transmediale buzz

The Berlin transmediale is, to my knowledge, one of the very best annual conferences (a “convergence” is more the appropriate word) which exist on Planet Earth.  I was very fortunate to have been able to attend the 2011 sessions, where, among other things, I was able to learn about “book sprints” (whereby a book, having been researched, is collectively authored and printed by 5 or 6 people in three or four days in a single city), “Facebook hacking” (imagine meeting someone whose life obsession is creating a “dislike” button for Facebook users), digital democracy, and electronic music triggered by facial impulses (see Daito Manabe, below right, with the author).

Now that, in the intervening year, revolution has swept the planet and North Korea and China are both still standing tall, East Asia watchers can catch the live stream, on February 4, 16:30 Berlin time, 2012 of Katrien Jacobs’ evocative and timely presentation entitled (in truly bracing transmediale style, and surely to the approval of all the “hacktivists” there who have not yet seethed within the Great Firewalls of the Middle Kingdom), “Patriotism, and Paranoia on the Chinese Internet.”

Not to be perceived as lightweight or merely sensationalist, Dr. Jacobs, who is on the faculty of the Chinese University of Hong Kong (香港中文大学), has produced a book on related themes and blogs about her work approximately bi-weekly.

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Two New Essays on China Beat: Sino-German and Sino-Korean Relations

I’ve got a few more changes in store for Sinologistical Violoncellist in the new year (most of them involving the bass clef and Japan, not necessarily in that order), but in the meantime, readers may appreciate being directed to two longer essays I recently published on China Beat, cited here in modified Chicago style:

Adam Cathcart, “Bow Before the Portrait: Sino-North Korean Relations Enter the Kim Jong Eun Era,” The China Beat, December 23, 2011.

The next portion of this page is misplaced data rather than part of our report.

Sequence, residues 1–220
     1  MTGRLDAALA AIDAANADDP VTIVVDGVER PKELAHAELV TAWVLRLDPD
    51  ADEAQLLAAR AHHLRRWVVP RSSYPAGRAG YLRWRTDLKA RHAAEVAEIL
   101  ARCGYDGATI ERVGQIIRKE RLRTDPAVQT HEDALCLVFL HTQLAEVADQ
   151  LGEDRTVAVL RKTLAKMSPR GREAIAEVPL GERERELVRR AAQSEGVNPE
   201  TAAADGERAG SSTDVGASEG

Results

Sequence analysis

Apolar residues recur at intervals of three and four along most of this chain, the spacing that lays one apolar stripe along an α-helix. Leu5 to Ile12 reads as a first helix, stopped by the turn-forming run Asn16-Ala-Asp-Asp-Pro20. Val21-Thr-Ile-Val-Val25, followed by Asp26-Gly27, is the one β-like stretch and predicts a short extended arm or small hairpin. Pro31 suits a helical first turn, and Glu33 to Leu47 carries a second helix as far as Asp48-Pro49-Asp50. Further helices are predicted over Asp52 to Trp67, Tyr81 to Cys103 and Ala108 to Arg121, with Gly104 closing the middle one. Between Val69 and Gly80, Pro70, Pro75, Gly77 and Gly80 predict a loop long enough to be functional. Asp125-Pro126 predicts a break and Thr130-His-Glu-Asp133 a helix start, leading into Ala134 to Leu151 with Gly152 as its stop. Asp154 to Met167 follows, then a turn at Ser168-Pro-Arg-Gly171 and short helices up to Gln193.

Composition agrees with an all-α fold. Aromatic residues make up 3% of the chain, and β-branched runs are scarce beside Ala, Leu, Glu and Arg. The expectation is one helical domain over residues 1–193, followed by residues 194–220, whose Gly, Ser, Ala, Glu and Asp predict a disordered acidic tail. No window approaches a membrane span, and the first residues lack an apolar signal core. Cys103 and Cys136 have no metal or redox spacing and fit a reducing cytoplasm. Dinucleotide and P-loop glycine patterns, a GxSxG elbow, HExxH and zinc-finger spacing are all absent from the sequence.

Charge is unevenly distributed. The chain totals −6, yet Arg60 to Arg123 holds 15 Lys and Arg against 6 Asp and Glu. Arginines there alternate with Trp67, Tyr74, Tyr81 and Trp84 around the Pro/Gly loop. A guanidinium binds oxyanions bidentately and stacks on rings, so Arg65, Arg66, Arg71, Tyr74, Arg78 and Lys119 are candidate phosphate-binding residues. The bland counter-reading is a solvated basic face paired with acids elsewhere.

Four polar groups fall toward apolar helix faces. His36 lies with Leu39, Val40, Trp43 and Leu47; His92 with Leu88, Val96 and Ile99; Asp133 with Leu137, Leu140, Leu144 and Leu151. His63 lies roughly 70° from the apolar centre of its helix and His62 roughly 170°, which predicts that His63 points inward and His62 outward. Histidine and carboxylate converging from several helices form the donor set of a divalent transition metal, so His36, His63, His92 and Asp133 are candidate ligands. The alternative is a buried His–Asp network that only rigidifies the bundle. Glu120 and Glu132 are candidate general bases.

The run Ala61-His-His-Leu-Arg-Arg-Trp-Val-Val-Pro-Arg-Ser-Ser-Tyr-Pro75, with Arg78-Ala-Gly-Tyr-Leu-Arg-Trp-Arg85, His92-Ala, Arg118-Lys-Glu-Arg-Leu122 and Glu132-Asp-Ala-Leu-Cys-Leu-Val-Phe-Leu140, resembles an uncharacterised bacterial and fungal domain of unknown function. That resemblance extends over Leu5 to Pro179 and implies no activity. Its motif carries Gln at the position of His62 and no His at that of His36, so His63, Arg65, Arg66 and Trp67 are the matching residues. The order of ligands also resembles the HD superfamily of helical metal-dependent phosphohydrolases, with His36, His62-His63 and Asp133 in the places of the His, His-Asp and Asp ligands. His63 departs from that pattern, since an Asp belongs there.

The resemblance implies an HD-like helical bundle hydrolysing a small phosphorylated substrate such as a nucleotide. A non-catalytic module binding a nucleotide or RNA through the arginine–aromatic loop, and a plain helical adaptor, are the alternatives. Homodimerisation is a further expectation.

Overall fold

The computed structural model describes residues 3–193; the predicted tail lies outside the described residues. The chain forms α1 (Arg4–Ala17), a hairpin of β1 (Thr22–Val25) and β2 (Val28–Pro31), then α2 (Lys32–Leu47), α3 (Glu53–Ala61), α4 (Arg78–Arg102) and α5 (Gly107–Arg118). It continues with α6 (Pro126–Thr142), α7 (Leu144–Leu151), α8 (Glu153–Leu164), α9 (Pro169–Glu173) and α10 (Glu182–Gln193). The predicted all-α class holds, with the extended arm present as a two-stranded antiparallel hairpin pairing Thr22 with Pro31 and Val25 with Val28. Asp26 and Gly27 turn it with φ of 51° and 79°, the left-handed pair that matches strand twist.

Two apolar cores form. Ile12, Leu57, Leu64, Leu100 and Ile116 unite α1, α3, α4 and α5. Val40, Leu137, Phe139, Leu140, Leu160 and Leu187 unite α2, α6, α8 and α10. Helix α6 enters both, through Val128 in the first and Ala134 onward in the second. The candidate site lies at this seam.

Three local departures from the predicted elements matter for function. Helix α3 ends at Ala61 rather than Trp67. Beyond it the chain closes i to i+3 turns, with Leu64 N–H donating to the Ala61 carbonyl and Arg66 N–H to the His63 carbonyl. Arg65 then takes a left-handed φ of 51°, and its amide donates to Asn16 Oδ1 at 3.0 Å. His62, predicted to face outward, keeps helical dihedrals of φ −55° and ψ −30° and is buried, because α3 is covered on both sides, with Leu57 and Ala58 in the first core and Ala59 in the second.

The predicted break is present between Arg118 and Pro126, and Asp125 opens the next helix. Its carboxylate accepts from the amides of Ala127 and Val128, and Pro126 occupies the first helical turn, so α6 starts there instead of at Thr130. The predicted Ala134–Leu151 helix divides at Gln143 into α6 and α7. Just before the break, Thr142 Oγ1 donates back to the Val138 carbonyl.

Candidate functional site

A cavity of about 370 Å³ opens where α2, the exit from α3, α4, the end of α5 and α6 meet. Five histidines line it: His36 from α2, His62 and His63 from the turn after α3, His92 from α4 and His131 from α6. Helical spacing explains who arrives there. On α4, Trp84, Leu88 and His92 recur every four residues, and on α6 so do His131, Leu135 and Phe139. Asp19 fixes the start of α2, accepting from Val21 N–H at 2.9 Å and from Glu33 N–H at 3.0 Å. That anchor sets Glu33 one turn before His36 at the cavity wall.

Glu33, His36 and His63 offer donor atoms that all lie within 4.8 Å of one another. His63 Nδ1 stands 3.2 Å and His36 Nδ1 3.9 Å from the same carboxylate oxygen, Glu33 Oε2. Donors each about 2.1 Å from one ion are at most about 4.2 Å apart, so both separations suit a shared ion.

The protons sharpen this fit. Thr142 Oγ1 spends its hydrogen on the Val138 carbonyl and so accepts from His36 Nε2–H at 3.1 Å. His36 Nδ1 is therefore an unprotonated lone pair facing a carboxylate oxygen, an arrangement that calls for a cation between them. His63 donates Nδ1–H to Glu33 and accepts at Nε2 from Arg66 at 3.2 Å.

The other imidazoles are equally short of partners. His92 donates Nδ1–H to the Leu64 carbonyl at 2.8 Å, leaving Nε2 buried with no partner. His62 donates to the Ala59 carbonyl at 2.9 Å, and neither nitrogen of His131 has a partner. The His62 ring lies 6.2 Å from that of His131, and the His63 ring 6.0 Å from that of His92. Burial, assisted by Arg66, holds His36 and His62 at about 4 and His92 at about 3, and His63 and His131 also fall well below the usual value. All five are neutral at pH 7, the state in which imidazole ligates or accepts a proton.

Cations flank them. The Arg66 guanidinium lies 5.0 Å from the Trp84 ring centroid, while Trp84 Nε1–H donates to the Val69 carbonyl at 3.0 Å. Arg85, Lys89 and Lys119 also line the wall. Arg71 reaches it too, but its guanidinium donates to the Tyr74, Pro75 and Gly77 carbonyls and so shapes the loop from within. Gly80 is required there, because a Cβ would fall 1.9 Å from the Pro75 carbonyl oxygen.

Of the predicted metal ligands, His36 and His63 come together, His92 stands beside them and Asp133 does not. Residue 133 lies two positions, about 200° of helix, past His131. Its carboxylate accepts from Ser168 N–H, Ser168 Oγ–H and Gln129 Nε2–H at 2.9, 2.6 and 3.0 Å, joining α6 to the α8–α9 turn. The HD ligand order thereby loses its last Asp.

Adam Cathcart, “Soft Power Struggle: Ai Weiwei and the Limits of Sino-German Cultural Cooperation,” The China Beat, December 15, 2011.

For those who have not been introduced, China Beat is the top-flight blog headed by Jeffrey Wasserstrom.  As a widely-published public intellectual, head of the History Department at University of California-Irvine, editor of the Journal of Asian Studies, and author of several important historical studies on student nationalism in Shanghai, Wasserstrom is someone I draw a great deal of inspiration from, so I’m particularly delighted to have a chance to write for him, as well as for some of his readers.

Shanghai Impressions, or, What Cellistic Ennui Tells Us about Cultural Dynamics in the Sino-North Korean Relationship

A few days in Shanghai rarely fails to reorient one immediately from wherever illusory place one has been prior.  In Shanghai, China’s upward thrust is paired with its revolutionary guts, its past foreign dominance juxtaposed at every turn with the new impositions of 1949.  Art of various kinds slides past taxi windows, and the low and sulfurous scent of commerce being transacted hand over fist leaves a low undertone to practically every act undertaken after noon.

Every visit to Shanghai is worth the price, but it remains possible to waste the experience, frittering away one’s time in sullen Western cafes from Seattle and reeking of a desperate quest for WiFi, or in being too rapidly sated by a stroll along the Bund as the sole recognition of the shadows of the 19th century, when in fact a Li Hongzhang-Alfred Thayer Mahan redux is perpetually in motion in the newspapers that so rapidly populate one’s backpack.